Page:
LANCASHIRE Police is set to get almost £3million in Government funding to help tackle and prevent serious violence and knife crime.

The county is one of 18 areas across England to be allocated funding, with £1.82m from the knife crime fund and £1.16m for the setting up and running of a violence reduction unit (VRU).

The money will be used to fund extra police patrols in areas affected by knife crime and crime prevention initiatives including knife surrenders and work with schools, colleges and other agencies. Additional knife wands and bins are also being purchased and new youth zone buses will be operational in East Lancashire and other parts of the county, offering engagement and activities.

The cash injection is part of the £100m announced for forces by then Chancellor Philip Hammond in his Spring Statement. However, the funding was subject to the police and crime commissioner Clive Grunshaw, his staff and senior police figures putting forward detailed proposals on how the money would be spent and evaluated.

Following this process, Lancashire’s proposals have now been signed off by the Home Office and funding is already being actioned resulting in a 146 per cent increase in stop search activity across the force last month, with 679 stop searches in July 2019 compared with 276 in July 2018.

Mr Grunshaw said: “I fully support the ‘public health’ approach to violent crime. We continue to lose too many young lives to serious violence and it’s crucial that all parts of our society work together to tackle it head-on and make our communities safer.

“This summer my office brought together over 50 delegates from partner agencies across the county to look at how, by working together, we can tackle this issue, recognising that this is not an issue that policing alone can solve.

“Whilst I welcome this funding to reduce crime and re-offending, a key priority in my Police and Crime Plan, I will continue to lobby for fairer funding which protects policing for the long term and provides consistent, additional resources without passing the burden onto council tax payers.”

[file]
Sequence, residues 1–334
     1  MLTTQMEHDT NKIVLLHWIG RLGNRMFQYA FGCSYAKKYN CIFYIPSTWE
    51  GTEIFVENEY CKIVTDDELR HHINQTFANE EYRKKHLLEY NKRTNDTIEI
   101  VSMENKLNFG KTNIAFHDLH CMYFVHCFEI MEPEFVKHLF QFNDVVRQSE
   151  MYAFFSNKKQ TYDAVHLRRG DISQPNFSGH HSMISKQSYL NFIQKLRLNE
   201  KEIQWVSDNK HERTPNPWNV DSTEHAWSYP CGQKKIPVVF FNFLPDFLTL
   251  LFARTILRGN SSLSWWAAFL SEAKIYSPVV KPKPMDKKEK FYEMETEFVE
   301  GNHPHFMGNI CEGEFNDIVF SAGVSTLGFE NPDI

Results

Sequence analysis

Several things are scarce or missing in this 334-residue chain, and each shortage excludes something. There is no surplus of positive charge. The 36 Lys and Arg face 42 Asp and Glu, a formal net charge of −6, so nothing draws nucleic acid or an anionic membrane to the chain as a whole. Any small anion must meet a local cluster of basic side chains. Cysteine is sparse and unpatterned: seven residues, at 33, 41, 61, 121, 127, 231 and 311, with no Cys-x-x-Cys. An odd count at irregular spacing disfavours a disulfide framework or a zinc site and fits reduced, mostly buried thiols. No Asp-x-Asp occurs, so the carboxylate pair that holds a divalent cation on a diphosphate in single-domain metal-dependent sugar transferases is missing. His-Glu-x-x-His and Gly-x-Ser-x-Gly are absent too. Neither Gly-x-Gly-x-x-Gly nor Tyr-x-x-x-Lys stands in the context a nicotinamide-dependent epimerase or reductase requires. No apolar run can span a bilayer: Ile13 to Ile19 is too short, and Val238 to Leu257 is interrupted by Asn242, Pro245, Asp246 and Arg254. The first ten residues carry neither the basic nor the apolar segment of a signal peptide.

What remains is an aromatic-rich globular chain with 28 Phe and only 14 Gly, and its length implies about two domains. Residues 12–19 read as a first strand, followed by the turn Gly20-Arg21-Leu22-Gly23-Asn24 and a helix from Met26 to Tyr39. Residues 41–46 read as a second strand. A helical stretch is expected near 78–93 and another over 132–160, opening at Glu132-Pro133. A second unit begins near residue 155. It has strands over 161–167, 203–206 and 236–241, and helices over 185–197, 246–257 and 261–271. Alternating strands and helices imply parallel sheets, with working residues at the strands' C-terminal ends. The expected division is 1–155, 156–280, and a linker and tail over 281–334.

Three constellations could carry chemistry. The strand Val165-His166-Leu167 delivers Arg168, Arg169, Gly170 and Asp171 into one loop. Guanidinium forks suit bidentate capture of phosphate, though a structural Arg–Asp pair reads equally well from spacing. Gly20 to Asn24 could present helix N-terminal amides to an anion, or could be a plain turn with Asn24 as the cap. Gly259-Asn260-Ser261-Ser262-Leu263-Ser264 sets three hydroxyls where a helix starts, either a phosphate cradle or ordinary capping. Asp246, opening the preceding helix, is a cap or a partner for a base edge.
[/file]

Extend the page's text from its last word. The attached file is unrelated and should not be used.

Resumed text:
Between April and December 2018, a total of 849 crimes were reported where a knife or sharp object was used. This is an increase of 167 from 682 recorded in the same period of the previous year. However, during the same period, all violent crime in these categories rose by 20 per cent, although police say this was due to changes in recording practices.

Chf Supt Sue Clarke, from the police’s violence reduction unit, which is a long-term initiative that brings together police, councils, health and education professionals, community leaders and other key groups to tackle violent crime, said: “We are committed to keeping our communities safe so we welcome this extra funding to help us tackle violent crime.

“We know that over half of offences involving a knife happen in a private space and in most cases the offender was known to the victim, with a partner or family member often the perpetrator.

“However, over recent months we’ve also had reports of knives being used in public spaces which is clearly a concern for local communities.

“We’ve already stepped up patrols in key areas increasingly using powers like Section 60s to address identified local issues but this extra funding will enable us to do more of this work, along with other activity like crime prevention work with local schools and colleges.”

She urged the public to report all incidents of knife crime , adding “We take all reports of offences involving a knife extremely seriously. We will continue to work 24/7 and to act on any intelligence in a bid to keep our communities’ safe and feeling safe.

“To that end, I would encourage anyone with information about knife crime to contact police or independent charity Crimestoppers on 0800 555 111.”